While most people protect their desktop computers and laptops against hackers and other forms of cybercrime, we may not be as safe as we think. A recent study conducted at a Boston cybersecurity firm suggests hackers and other white collar criminals can gain access to our computers via our smart devices. The researchers want everyone to be aware that this vulnerability does exist.
The Connection to Cybercrime
While there aren’t any reports of cybercriminals taking advantage of these vulnerabilities, tech experts warn that the potential is present. A particularly ingenuous cybercriminal can use the interconnectivity between smart devices and computers…
The pandemic has changed the way we do just about everything, including the way we write. That might not come as much of a surprise to you if you are a writer, but it’s still an interesting fact. Physically, there isn’t much of a difference between the way people write now and how they did it before. They still sit at a computer or at a desk with a pen and paper and record their thoughts, and that is something that people would do in isolation before there was a need to be in isolation. …
Through collaboration with the CDC and other health institutions, local, state, and federal government task forces can mitigate the severity of pandemics. In the case of COVID-19, the Public Health Emergency Preparedness (PHEP) cooperative funds health systems on a state-to-state and city-to-city basis. Despite the efficiencies that emerge from this collaboration, preparing for pandemics and other emergencies involves many moving parts and oceans of data. Using specific technologies and business intelligence systems, governments can evaluate preparations and offer funding and resources to mitigate the next big disaster.
Data Management for Public/Private Healthcare Institutions
The typical short story has fewer than 8000 words. Every decision you make as a writer holds extra weight when working with such limited space. One of the most basic storytelling choices — which POV to use — is also one of the most impactful.
What Is POV?
The point of view is the lens through which readers experience a story. Most writers use either first person or third person. Second-person is less common, most commonly used for more avant-garde pieces.
With first-person, you tell the story from inside a character’s mind. …
This article was originally published to DaveKellyAuthor.com.
Mastering tone is all about understanding your audience. When a writer develops a deeper understanding of this audience — their motivations, interests, and ideals — then effective communication becomes more natural.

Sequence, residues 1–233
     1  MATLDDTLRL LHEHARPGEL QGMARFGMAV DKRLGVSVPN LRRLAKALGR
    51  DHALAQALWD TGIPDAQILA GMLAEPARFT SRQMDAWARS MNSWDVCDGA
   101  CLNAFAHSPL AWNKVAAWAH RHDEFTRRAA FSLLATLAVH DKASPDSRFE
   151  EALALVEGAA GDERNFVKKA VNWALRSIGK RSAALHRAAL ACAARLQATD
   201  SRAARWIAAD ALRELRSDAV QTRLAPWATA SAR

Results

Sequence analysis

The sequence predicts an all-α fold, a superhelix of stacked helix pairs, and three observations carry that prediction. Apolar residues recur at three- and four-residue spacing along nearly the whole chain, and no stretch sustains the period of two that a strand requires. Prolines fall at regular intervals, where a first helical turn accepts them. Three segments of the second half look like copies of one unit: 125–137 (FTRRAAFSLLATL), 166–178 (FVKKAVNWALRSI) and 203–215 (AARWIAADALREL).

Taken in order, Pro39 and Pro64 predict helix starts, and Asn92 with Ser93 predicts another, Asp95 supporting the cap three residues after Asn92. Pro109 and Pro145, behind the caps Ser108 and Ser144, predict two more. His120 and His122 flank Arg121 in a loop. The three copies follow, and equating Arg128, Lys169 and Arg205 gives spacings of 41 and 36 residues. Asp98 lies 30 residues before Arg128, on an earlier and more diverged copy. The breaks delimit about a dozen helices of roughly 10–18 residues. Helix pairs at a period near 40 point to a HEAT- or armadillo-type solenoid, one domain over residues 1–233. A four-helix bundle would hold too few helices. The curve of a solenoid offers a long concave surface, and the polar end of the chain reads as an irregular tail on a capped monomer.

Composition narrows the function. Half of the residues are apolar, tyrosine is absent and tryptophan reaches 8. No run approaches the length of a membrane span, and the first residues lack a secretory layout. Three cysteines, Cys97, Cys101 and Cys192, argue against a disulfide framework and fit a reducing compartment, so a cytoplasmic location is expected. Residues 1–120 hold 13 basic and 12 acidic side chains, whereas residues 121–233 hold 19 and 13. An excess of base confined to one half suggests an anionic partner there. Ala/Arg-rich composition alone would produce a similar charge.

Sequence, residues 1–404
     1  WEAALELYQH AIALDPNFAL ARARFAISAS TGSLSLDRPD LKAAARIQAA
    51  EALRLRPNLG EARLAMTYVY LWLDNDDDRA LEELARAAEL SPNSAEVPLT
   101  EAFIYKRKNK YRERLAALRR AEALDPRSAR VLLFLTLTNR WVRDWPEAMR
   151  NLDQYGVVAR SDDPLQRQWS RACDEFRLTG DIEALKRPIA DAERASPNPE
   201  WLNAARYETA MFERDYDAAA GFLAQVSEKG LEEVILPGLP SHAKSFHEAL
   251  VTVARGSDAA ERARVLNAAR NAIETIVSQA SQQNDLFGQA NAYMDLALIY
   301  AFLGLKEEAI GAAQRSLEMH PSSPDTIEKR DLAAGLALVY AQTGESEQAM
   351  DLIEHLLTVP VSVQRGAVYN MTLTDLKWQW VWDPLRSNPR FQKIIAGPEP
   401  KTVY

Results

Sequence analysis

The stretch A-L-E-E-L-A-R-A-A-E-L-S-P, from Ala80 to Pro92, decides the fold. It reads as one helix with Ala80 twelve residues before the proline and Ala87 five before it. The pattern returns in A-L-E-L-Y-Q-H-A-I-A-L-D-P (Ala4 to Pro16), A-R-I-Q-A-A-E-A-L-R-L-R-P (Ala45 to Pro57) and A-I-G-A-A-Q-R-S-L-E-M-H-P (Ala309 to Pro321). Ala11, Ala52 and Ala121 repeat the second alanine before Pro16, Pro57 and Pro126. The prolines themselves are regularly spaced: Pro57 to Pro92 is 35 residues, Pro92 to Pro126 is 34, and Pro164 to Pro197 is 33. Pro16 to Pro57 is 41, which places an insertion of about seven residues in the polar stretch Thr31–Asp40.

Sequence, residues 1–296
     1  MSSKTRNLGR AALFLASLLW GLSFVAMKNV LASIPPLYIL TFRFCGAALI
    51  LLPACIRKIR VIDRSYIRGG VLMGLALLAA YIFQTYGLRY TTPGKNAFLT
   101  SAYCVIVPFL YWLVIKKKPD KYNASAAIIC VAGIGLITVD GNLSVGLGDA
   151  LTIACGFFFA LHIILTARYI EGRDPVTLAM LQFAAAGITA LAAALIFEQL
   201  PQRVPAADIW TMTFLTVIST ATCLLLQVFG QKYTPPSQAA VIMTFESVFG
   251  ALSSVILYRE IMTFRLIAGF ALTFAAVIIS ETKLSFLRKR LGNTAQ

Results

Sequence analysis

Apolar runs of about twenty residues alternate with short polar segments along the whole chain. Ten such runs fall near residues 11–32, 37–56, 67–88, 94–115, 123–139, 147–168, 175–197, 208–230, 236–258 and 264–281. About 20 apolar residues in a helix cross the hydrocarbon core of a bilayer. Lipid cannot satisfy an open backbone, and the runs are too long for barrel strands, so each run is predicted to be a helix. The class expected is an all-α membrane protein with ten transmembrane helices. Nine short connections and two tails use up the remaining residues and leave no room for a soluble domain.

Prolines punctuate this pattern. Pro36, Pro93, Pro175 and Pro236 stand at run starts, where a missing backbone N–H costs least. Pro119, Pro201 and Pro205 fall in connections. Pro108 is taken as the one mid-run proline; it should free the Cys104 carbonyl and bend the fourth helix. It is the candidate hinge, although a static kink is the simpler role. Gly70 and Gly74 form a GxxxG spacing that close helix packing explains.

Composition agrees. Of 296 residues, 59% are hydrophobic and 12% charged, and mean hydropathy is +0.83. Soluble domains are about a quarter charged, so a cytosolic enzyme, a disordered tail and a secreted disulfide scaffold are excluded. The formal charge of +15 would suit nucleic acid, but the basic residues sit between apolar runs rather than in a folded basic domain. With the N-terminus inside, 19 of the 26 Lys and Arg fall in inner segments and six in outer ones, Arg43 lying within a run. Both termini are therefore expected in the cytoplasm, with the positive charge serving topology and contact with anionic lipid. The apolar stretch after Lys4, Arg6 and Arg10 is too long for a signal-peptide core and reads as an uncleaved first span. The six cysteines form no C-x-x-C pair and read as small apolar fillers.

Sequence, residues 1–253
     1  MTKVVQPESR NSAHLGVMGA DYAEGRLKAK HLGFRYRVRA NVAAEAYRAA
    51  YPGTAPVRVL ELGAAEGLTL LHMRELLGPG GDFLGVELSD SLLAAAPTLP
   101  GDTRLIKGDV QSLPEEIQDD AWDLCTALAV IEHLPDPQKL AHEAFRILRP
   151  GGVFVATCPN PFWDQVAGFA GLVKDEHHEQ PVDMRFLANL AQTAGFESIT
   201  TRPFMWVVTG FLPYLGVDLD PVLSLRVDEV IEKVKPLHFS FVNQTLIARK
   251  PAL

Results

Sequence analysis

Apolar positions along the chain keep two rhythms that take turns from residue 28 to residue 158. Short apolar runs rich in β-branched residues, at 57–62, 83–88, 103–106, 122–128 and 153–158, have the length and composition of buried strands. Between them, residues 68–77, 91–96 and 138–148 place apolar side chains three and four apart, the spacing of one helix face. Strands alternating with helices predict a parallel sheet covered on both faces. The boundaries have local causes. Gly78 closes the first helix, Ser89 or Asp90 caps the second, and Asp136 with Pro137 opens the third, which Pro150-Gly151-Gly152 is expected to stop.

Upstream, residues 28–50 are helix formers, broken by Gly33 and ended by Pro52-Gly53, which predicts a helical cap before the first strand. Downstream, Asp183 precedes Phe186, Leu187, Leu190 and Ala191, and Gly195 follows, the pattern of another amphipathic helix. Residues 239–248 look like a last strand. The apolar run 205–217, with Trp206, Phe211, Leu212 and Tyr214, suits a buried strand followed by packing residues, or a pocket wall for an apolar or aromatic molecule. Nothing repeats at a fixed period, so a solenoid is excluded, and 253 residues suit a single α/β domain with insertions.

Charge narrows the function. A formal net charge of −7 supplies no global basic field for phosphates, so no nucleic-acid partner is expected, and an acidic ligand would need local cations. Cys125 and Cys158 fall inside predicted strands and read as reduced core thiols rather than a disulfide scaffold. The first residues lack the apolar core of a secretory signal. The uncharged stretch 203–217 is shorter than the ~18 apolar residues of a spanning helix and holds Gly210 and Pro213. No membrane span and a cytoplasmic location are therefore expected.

Specific lines in novels and stories can hold significant meaning for readers. Still, some readers may not be able to pinpoint why a piece left such a lasting impression on them. When people recite lines from their favorite books that connect with them, they are expressing an affinity for the tone; they cherish how the piece makes them feel. …
Rough drafts are meant to be just that — rough. No one has produced a masterpiece on the first go. Beloved staples of the literary canon have undergone countless iterations, subjected to scrutiny and fine-tuning that some might see as insanity. One example of this dedication to perfection is seen — or, not seen — in Ernest Hemingway’s A Farewell to Arms, which underwent almost 50 changes to the ending before publication. If you want to master your craft without sacrificing your sanity, here are a few easy ways to polish your writing right now.
Expand Your Vocabulary
This article also appears on DaveKellyTech.com.
A recent report from the Government Accountability Office (GAO) found that almost $1.4 billion in COVID-19 stimulus checks were sent to deceased individuals. The fraud amounted to over one million erroneous payments. The data required to avert this loss of tax-payer money was readily available in government systems, but the data wasn’t accessible to the agency that needed it.
On its face, this sounds like a data-sharing problem. But even if the Social Security Administration (SSA) death index had been shared with the Department of Treasury (the agency that issued the stimulus checks), it…
The key to a compelling incident response tabletop exercise involves modeling likely scenarios and demonstrating probable outcomes resulting from decisions made by the participants. Whether it be a cyberattack, a natural disaster, civil unrest, or all of the above simultaneously, government leaders need a platform with which to test their emergency response plans, challenge their business continuity assumptions, and assess their staff’s operational knowledge under pressure.
By exercising at regular intervals, government agencies can see in real-time where they can gain efficiencies and what gaps exist that need to be filled. Publishing the exercise results and sharing them across disciplines…
The Federal Emergency Management Agency (FEMA) established its National Incident Management System (NIMS) in 2004. A response to one of President George W. Bush’s Homeland Security Presidential Directives, NIMS sets guidelines for public and private sector collaboration in preventing, mitigating, and responding to domestic incidents.
Because NIMS “applies to all incidents, regardless of cause, size, location, or complexity,” modeling and simulation are vital to strengthening incident management tools. To manage incidents — a process that involves careful analysis and strategy — FEMA utilizes NIMS and the National Response Framework (NRF) to serve as the backbone of its methodologies.
Dave Kelly is a tech solutions expert with Information Builders and retired police captain. He is passionate about writing, reading, and personal finance.